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Nugget's The Chicky Shnoodle Shack

The Chicky Shnoodle Shack
This was inspired by Cezanne's Coop design http://www.cezannesgarden.com/id323.htm 
submitted by Jen and Andre, Nova Scotia, Canada

My father in law is a contracter and worked with my husband and me to make this idea come together. We were planning on about 6 hens and built it on an 8x6' foundation and about 11' tall. It is wired and insulated with a bathroom fan running out a black stove pipe in the roof for ventilation. The roof is shingled with cedar shakes and this siding is stained pine slats. The floor is covered with vinyl, which makes cleaning easy (a tip we got from the Kreitz family Poulet Chalet page). To keep the chickens from picking at the insulation, we put wood paneling over the interior walls and ceiling. My father in law made the door himself out of chipboard, pine slats and heavy bracing on the back to prevent warping. We have 3 nest boxes and there are (ornamental) rafters for perching

The run was built with the old aluminum support for a portable vinyl greenhouse. It's 18' long and covered in 2" square welded wire mesh. We built it around the existing trees to give shade.

By request here are some details about how we built the swooped roof. With plywood the length of the coop, we used string and a pencil to draw the 'arch' (like a compass). We cut this out to make the spine of the roof with the swoop. We started at the ends (front and back) and attached the angled roof pieces to the wall frame and to the spine, working our way toward the middle. Once the structure was up, we took thin pine slats and screwed them to the angled pieces (start in the middle, work your way out). The curve will cause the pine slats to separate in the middle. We pulled downward on them as we screwed them in place to keep them relatively horizontal. The top slats needed to be trimmed with a jigsaw in the middle. We covered the slats with tar paper then shingled.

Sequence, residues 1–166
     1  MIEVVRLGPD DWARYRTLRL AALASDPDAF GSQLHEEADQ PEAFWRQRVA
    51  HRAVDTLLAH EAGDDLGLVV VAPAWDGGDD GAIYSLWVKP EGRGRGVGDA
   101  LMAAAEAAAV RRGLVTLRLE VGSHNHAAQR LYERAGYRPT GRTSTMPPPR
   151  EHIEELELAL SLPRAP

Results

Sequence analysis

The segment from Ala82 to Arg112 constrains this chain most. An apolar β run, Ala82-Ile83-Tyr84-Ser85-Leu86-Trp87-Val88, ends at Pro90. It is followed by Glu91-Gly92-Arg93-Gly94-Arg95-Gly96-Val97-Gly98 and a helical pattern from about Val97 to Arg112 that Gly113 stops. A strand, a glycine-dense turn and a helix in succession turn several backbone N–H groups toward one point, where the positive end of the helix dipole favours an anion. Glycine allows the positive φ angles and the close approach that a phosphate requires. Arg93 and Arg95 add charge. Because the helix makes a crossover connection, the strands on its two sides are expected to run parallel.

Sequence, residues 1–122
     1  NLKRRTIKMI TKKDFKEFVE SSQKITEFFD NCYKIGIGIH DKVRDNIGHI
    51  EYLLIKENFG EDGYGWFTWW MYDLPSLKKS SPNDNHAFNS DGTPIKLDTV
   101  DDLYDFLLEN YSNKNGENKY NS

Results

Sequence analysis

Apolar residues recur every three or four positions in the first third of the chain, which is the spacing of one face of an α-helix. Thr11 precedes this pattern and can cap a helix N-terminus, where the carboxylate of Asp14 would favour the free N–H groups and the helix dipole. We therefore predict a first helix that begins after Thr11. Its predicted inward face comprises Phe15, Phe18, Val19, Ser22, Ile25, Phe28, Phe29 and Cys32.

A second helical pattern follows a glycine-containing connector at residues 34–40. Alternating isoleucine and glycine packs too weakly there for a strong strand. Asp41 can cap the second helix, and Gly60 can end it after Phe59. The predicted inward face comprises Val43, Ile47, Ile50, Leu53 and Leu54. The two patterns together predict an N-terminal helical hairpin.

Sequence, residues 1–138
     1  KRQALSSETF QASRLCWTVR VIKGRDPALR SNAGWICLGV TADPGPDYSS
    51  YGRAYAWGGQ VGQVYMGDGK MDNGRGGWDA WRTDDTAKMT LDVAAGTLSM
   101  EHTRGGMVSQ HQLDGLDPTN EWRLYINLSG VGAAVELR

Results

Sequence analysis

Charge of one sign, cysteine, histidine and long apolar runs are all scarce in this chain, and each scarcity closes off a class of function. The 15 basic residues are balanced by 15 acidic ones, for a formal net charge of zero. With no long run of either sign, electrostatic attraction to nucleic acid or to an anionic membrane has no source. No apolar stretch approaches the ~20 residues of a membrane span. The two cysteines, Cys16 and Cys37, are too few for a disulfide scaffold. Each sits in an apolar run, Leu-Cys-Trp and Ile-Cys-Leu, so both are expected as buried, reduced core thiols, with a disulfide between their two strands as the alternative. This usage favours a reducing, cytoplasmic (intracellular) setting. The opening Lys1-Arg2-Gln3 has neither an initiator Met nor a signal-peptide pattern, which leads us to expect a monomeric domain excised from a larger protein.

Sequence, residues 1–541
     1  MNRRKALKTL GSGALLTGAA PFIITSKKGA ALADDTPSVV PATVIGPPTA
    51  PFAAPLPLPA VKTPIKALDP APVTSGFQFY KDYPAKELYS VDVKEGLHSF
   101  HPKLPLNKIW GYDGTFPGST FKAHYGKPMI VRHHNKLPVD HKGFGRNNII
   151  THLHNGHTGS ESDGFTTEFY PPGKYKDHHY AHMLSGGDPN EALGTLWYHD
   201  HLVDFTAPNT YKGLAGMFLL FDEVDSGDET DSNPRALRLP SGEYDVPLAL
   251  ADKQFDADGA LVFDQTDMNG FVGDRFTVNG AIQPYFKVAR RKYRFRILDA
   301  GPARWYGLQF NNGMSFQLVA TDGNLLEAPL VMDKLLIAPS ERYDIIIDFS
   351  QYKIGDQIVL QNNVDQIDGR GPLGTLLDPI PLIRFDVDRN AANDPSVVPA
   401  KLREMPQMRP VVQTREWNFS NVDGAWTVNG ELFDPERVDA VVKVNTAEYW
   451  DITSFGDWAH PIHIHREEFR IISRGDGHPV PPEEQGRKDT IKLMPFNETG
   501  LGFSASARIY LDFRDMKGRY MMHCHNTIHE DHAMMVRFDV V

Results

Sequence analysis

Struggles:

1) Flashing for the peak. We couldn't use a long piece (wouldn't bend) so we used lots of little metal 'V's overlapping them to keep it waterproof. They were about 6" long, and I don't know what they are called. To hide them we used construction adhesive to cover them with extra shingles and trimmed them to size.

2) putting up the wood paneling inside was a trial since the roof does not make a true rectangle. It bows inward and is taller at the end peaks than the centre. This took trial and error. The moldings hide some of the gaps that remained. As mentioned the rafters were added at the end, and are only ornamental.

 

frame and roof structure
roofing done
Roofing and siding done
inside
inside
coop
Tulip's coop
distance

We realized we needed a second, mini-coop to isolate and quarantine chickens now and then. We built a tractor with remaining materials.

A frame
back

This is our first experience with chickens, thanks so much to Backyardchickens.com for all the help and advice !

 

 

Comments (13)

Just fantastic!!, Great style points, very fun and perfectly executed.
Great job! Did you originally have a child's playhouse in mind? This would make a great one. Congrats on repurposing/reusing the material for the run.
Hi! Love this coop -- especially the roof! We are actually trying to "copy" this roof idea on a chicken coop we are building, and have managed to completely confuse ourselves. (Having never built a regular roof, this was perhaps not the one to start with!) A couple of quick questions on it -- First, can it be built without the "swoop" piece? Secondly, does the angle you cut the rafter pieces change with each truss? (for example, if we start cutting each rafter at a 45 deg angle on our mitre saw, do we need to cut it at a different angle as we move toward the center? Or do the trusses just get shorter?)
If you can throw in your two cents, it would be greatly appreciated, as it is time to get our chickies outside, and my husband and I are both baffled! :) THANK YOU!!!
Love this too, In doing quick calculations the angle does change if you keep the swoop in
I think??? So I guess that would create a slight swoop in too?
@treehouse -- I think so, too, but have had so much trouble calculating the angles. :( I may just give up and do a regular (not swooped) roof. My girls have outgrown their brooder and I need to get this project done already! Haha! Let me know if you figure it out in the next few days -- it's such a cute idea!
@pdxweissfamily - get it figured out? How much swoop (inches sag) were you planning?
LOVE LOVE LOVE LOVE IT!
Lovely coop! Your roofline is very cute. I'm jealous.
I love The coop. The roof is awesome.
This is absolutely TERRIFIC! Great job on aesthetics! Your idea is unique, simple and extremely becoming all at the same time. Chicken tractors are a must have, I agree.
THATS ADORABLE!! I love it!
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